The power of tai chi’s pushing hands

Written by James Sumarac

There are eight primary forms of movement used in push-hands:

The eight gates of tai chi with James Sumarac.

1 – Peng, referred to as ‘ward off’, is your invisible armour. It uses subtle energies that expand in all directions, not unlike water that buoys a boat on its surface, and brings structural integrity to all the energies used in push-hands, and in fact all combative tai chi applications.

2 – Lu or ‘roll back’ energy is used to neutralise and redirect incoming force sideways, past you into a void, thus creating an opportunity to counter. As with the other energies, it can be applied in a high or low position and with one or both hands.

3 – Ji is usually translated as ‘press’, meaning to squeeze or stifle your opponent’s intention. Chen Pan Ling described it as the force of a ball bouncing off a wall. You wait for your opponent’s pulling force, change direction slightly and press to their centre. This can be performed at any level and with all parts of your body.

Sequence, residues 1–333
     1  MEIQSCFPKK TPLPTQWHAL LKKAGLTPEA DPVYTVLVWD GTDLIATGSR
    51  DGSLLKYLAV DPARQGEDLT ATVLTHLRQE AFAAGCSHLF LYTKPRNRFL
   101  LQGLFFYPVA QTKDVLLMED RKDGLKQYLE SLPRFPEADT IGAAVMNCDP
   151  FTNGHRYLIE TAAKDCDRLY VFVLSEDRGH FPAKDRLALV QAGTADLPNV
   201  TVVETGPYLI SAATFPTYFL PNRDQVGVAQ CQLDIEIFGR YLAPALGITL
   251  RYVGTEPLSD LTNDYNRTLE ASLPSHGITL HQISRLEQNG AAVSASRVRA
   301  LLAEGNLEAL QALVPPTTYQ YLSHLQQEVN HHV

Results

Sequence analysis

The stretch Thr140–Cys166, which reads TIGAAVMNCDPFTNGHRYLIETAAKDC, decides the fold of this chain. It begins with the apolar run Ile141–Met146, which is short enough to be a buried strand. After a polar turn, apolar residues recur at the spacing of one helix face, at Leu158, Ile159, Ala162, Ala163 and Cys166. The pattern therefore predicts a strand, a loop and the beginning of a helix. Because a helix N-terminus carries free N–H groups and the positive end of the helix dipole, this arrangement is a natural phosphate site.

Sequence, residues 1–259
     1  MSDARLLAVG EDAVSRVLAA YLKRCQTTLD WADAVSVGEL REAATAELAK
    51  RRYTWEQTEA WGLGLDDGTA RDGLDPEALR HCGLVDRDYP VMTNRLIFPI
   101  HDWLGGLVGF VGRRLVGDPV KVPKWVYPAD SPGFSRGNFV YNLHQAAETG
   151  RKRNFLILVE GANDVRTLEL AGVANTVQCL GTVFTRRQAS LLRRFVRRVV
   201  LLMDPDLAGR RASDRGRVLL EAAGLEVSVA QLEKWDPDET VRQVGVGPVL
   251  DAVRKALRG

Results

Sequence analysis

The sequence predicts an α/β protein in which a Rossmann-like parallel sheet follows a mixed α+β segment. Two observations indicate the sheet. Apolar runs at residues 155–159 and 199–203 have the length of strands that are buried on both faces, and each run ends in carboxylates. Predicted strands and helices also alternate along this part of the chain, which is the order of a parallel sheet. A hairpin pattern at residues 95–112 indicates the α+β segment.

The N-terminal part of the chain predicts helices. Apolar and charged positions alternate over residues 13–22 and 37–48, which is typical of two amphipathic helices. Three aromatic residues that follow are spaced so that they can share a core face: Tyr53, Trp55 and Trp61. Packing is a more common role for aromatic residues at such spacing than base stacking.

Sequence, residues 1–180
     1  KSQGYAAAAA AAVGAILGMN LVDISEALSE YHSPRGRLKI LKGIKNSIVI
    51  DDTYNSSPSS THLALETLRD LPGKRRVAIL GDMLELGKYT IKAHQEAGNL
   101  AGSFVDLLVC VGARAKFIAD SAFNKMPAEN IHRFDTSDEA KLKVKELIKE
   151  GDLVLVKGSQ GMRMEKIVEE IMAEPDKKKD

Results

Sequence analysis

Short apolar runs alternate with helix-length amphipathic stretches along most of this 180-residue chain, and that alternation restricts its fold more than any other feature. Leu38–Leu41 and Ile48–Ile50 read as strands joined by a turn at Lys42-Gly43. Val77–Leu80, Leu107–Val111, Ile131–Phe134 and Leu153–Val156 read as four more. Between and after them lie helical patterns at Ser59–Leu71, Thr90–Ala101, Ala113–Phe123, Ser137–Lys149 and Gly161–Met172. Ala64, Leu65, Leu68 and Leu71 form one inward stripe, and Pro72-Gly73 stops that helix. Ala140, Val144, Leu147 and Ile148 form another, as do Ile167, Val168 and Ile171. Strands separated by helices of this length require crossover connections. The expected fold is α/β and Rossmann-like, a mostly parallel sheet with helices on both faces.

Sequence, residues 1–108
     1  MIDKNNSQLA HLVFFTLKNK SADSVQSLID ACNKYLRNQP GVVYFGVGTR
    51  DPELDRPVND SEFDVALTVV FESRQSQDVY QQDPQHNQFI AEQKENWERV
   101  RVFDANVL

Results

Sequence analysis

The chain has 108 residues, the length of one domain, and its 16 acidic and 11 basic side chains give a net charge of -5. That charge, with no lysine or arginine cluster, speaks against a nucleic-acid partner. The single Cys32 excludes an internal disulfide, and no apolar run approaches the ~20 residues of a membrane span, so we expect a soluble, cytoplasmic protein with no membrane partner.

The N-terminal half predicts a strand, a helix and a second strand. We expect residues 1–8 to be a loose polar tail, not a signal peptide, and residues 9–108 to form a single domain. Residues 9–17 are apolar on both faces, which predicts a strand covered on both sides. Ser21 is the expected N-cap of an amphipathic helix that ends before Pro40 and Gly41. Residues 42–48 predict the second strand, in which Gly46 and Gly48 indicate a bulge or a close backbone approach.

4 – An (push) is like water rapidly flowing downward: although water can be very gentle, it contains tremendous power. An is used to neutralise your opponent’s press and lead them into a void, or you may follow their retreat with it. It may be backward but is usually a forward and downward pressure with strong intent.

5 – Tsai, or to ‘pluck’, is like the action of dropping a heavy object or of plucking fruit from a tree branch: it is a sharp and sudden downward force with one or both arms, with the intention of destroying your opponent’s balance and structure.

6 – Lieh, meaning ‘to split’, refers to opposing forces applying leverage on an immobile part of an opponent’s arm, leg or body. It can be used to destabilise or to lock joints.

7 – Zhou is using the elbow, arm or even a chopping hand to attack in any direction. A very powerful weapon, the elbow is also used to defend and neutralise in push-hands.

8 – Kao is the energy of a bump and is usually delivered with your shoulder in a forward, backwards or upward direction. But kao may also imply a bump with your hip, back, knee, chest or even head.

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